3.2 2016 NO BUILD CONDITION CAPACITY ANALYSIS RESULTS ....................................... 20
    3.2.1   Non-Event Peak Hours ......................................................................................... 20
    3.2.2   Pre-Event Peak Hour ............................................................................................ 20
3.3 2021 NO BUILD CONDITION CAPACITY ANALYSIS RESULTS ....................................... 21
    3.3.1   Non-Event Peak Hours ......................................................................................... 21
    3.3.2   Pre-Event Peak Hour ............................................................................................ 21

4.0 2016 AND 2020 BUILD CONDTIONS................................................................................. 23
4.1 SITE ACCESS AND CIRCULATION ................................................................................... 23
4.2 TRIP GENERATION ............................................................................................................ 24
    4.2.1   Casino Trip Generation Rate Calculation ............................................................. 24
    4.2.2   Auxiliary Uses ....................................................................................................... 25
    4.2.3   Live! Casino and Hotel Vehicle Trip Generation ................................................... 27
    4.2.4   Live! Casino and Hotel Multimodal Trips .............................................................. 28
4.3 TRIP DISTRIBUTION .......................................................................................................... 28
    4.3.1   Vehicle Trip Distribution ........................................................................................ 28
    4.3.2   Multimodal Trip Distribution .................................................................................. 30
4.4 2016 AND 2021 BUILD CONDITION TRAFFIC VOLUMES ................................................ 30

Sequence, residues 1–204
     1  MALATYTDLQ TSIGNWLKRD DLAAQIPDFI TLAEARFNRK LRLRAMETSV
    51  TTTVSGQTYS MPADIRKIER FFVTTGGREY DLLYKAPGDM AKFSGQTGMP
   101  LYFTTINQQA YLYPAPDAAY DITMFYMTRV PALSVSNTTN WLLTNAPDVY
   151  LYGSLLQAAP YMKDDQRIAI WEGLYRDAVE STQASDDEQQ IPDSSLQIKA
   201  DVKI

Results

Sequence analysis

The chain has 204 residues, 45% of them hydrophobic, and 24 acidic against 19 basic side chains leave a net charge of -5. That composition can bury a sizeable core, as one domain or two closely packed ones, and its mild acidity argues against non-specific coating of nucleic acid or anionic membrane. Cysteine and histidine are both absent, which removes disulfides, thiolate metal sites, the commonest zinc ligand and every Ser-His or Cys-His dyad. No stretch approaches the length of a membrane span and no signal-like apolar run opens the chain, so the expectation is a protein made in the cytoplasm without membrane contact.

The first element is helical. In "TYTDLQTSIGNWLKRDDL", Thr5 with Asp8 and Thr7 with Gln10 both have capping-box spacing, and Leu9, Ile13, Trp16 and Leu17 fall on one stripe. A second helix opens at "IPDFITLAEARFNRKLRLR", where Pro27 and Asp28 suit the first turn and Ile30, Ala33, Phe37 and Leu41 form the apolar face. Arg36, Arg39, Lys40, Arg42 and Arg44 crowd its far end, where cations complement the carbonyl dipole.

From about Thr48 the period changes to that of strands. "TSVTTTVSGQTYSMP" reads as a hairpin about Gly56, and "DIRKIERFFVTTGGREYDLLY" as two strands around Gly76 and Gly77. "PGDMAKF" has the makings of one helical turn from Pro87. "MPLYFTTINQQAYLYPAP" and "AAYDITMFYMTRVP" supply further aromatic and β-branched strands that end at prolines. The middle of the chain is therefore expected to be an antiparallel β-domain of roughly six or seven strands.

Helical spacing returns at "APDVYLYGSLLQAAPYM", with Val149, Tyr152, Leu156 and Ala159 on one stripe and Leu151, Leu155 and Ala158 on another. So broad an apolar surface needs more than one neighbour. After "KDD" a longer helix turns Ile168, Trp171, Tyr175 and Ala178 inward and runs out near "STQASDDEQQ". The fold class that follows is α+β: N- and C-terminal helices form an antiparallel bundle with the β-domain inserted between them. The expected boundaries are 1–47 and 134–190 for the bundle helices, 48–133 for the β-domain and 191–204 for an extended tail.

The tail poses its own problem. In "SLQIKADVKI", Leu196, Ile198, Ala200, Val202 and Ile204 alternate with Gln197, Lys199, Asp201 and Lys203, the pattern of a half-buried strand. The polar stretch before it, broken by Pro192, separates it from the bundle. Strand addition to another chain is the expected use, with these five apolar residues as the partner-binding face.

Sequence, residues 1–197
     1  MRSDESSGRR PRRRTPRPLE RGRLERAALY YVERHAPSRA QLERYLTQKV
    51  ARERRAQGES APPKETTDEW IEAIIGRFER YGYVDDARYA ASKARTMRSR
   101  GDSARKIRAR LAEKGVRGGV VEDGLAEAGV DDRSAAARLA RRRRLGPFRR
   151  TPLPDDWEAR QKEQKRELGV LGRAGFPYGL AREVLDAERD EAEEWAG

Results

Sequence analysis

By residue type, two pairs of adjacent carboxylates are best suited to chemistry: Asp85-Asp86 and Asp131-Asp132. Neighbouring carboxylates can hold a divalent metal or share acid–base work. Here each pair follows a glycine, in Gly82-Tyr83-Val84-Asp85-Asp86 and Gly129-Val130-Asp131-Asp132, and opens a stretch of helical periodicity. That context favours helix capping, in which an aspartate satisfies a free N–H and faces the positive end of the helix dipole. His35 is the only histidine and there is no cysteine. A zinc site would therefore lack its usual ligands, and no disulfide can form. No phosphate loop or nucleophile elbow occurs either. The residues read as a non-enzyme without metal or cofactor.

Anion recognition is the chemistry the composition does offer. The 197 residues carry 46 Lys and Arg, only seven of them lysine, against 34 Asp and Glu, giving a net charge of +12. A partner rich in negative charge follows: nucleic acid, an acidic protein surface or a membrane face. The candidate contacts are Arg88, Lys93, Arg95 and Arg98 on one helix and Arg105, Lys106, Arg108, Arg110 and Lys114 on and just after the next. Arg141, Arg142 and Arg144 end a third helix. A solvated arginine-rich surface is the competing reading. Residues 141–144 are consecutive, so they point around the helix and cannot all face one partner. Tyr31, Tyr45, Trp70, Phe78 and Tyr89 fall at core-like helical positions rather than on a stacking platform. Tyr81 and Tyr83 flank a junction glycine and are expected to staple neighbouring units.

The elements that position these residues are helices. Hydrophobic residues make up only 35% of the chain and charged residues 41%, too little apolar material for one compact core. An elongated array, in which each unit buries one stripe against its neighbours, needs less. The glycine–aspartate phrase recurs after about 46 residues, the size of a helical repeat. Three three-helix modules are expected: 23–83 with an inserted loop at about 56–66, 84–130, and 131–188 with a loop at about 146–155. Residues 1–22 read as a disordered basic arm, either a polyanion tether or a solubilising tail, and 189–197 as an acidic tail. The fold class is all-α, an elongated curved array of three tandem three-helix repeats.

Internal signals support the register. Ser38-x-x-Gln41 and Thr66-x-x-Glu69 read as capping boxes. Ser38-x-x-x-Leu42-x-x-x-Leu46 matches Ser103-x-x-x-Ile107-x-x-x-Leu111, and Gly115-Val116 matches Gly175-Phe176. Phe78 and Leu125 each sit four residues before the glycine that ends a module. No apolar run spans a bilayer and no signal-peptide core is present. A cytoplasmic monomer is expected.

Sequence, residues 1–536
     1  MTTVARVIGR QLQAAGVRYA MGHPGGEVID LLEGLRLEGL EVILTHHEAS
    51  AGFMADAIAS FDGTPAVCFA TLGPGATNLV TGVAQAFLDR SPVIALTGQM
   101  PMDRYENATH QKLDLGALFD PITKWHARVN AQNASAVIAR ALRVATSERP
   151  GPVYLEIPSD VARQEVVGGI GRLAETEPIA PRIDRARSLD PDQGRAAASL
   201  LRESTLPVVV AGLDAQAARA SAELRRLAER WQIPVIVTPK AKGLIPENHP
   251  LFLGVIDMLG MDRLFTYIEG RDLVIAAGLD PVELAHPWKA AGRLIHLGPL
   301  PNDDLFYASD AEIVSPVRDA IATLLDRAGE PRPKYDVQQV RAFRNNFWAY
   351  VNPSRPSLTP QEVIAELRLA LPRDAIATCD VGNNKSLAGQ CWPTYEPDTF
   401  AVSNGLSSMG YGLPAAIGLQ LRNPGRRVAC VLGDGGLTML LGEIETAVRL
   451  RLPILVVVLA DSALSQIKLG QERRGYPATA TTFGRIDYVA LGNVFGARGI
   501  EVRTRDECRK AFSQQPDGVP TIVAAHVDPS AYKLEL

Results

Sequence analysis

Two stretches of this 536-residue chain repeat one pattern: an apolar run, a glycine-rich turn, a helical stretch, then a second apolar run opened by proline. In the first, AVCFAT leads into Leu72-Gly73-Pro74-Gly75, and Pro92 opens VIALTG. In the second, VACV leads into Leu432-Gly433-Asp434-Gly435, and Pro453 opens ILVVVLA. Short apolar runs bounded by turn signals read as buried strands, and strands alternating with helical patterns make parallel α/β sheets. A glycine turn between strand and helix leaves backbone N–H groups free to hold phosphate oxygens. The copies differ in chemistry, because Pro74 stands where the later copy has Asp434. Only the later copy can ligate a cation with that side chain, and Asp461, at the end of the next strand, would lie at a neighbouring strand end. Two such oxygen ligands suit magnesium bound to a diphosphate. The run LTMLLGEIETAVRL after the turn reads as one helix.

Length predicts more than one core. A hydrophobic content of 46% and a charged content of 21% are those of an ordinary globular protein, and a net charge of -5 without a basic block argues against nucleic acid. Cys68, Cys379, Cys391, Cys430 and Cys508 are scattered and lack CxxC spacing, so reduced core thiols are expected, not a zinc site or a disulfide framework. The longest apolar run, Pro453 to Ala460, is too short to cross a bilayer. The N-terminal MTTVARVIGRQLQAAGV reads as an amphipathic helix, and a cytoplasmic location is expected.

4.5 2016 BUILD CONDITION CAPACITY ANALYSIS RESULTS ............................................. 30
    4.5.1   Non-Event Peak Hours ......................................................................................... 31

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    4.5.2   Pre-Event Peak Hour ............................................................................................ 31
4.6 2021 BUILD CONDITION CAPACITY ANALYSIS RESULTS ............................................. 32
    4.6.1   Non-Event Peak Hours ......................................................................................... 32
    4.6.2   Pre-Event Peak Hour ............................................................................................ 32
4.7 CONCLUSIONS................................................................................................................... 33

5.0 2021 BUILD CONDITION WITH IMPROVEMENTS ........................................................... 35
5.1 VEHICULAR MITIGATION MEASURES ............................................................................. 35
    5.1.1   Signal Timing Adjustments ................................................................................... 35
    5.1.2   Left-Turn Treatments ............................................................................................ 36
    5.1.3   Site Driveway ........................................................................................................ 37
5.2 2021 BUILD CONDITION WITH IMPROVEMENTS CAPACITY ANALYSIS RESULTS ..... 37
    5.2.1   Non-Event Peak Hours ......................................................................................... 37